Identifying Ecological Patterns and Processes in Montane Meadows of the Sierra Nevada Range

Identifying Ecological Patterns and Processes in Montane Meadows of the Sierra Nevada Range

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Montane meadows serve a unique role in forested landscapes as areas of high biodiversity that also provide forage and water for domestic and wild grazing animals. This research examined meadow ecosystems located in the Sierra Nevada Range, California, USA. I examined the ecological patterns and processes impacting montane meadows through three primary approaches. First, I classified dominant meadow plant communities and determined environmental variables that influenced these classifications across 17 meadows on the Sierra and Stanislaus National Forests. I identified five dominant plant community types and linked vegetation distribution to water table levels and elevation using classification and ordination techniques. Secondly, I used digital cameras to examine livestock and deer presence in meadows and to determine the impact of four meadow fencing treatments on animal distribution. Through the use of digital cameras placed across 10 meadows on the Sierra National Forest, I showed that overall cattle presence in the study meadows was low throughout the summer grazing season and that fencing treatments significantly affected cattle and deer distribution within each meadow. In particular, partial meadow fencing concentrated cattle into smaller areas outside fences, while deer were more likely to be present within fenced areas. Thirdly, I explored relationships among species richness, biomass, and other environmental variables and quantified differences in cattle utilization across fencing treatments. This analysis again included 17 meadows, and I confirmed a correlation between species richness and biomass. I also emphasized the importance of adding additional environmental variables when considering the relationship between species richness and biomass. Including mean water table depth increased the variance explained in a multiple linear regression model from 66% to 81%. In addition to the digital camera data, I confirmed overall low biomass utilization levels by cattle among all treatments over three years. This study contributes not only a better understanding of meadow dynamics, but does so in the context of considering and addressing the effects of management decisions on meadow ecosystems.ESRI ArcMap Version 9.2. Redlands, CA, USA. Fernandez-Gimenez and B.H. ... Journal of Range Management 10: 175-177. Hickman, J.C. (Editor) 1993. The Jepson Manual-Higher Plants of California. University of California Press, Berkeley.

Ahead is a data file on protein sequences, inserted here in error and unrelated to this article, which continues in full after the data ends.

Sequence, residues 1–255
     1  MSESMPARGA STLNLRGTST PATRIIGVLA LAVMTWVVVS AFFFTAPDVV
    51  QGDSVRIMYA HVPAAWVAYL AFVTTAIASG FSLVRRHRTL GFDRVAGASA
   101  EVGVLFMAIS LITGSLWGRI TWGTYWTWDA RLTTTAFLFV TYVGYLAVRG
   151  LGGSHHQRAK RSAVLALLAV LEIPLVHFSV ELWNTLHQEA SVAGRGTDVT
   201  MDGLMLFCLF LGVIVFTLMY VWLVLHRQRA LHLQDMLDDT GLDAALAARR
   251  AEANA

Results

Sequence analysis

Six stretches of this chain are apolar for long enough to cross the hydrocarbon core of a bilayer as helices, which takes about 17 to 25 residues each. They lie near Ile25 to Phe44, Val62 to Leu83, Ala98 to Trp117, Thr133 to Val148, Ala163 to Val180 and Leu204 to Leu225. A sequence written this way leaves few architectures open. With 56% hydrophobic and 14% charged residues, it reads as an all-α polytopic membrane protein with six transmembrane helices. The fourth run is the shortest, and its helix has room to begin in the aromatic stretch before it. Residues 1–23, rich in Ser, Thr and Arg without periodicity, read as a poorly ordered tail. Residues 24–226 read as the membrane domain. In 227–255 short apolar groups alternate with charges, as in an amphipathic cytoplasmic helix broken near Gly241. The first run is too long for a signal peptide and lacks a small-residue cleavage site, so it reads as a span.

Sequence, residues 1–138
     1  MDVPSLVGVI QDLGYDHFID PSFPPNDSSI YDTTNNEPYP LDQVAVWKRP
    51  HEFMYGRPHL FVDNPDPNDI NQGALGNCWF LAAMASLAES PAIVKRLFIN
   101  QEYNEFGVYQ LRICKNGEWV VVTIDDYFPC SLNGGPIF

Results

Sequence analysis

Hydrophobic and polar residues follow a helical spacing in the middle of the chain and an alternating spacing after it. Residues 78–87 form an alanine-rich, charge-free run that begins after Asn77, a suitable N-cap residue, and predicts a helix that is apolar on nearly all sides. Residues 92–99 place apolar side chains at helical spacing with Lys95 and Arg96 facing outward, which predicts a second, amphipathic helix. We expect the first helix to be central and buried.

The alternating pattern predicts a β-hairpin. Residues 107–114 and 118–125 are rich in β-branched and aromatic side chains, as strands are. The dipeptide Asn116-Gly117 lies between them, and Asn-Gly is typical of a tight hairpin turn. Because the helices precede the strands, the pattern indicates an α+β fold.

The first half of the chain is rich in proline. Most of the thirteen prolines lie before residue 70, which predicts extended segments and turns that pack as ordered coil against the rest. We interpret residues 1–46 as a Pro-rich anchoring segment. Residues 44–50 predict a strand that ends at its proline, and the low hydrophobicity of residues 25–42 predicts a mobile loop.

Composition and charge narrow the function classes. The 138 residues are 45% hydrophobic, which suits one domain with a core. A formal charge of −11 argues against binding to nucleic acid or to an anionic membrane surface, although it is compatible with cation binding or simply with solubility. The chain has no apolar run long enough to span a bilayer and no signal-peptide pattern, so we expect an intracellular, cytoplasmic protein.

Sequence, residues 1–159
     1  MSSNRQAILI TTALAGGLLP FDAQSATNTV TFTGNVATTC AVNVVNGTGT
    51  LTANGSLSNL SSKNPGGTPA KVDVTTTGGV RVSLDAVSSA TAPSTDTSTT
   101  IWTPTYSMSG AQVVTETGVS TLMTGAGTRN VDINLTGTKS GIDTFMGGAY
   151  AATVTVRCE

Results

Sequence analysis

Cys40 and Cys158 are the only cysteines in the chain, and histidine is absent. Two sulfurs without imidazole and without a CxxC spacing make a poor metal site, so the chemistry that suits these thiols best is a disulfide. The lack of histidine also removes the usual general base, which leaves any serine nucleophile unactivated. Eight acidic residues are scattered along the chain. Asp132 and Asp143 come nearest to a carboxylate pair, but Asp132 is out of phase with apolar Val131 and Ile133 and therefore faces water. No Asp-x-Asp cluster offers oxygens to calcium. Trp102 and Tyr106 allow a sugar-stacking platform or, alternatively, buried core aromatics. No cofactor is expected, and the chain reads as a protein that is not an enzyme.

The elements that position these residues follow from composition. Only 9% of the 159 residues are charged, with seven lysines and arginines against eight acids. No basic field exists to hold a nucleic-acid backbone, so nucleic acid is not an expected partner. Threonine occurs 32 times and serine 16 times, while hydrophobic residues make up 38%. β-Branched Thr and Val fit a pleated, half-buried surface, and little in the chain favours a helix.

Title:Identifying Ecological Patterns and Processes in Montane Meadows of the Sierra Nevada Range
Publisher:ProQuest - 2008


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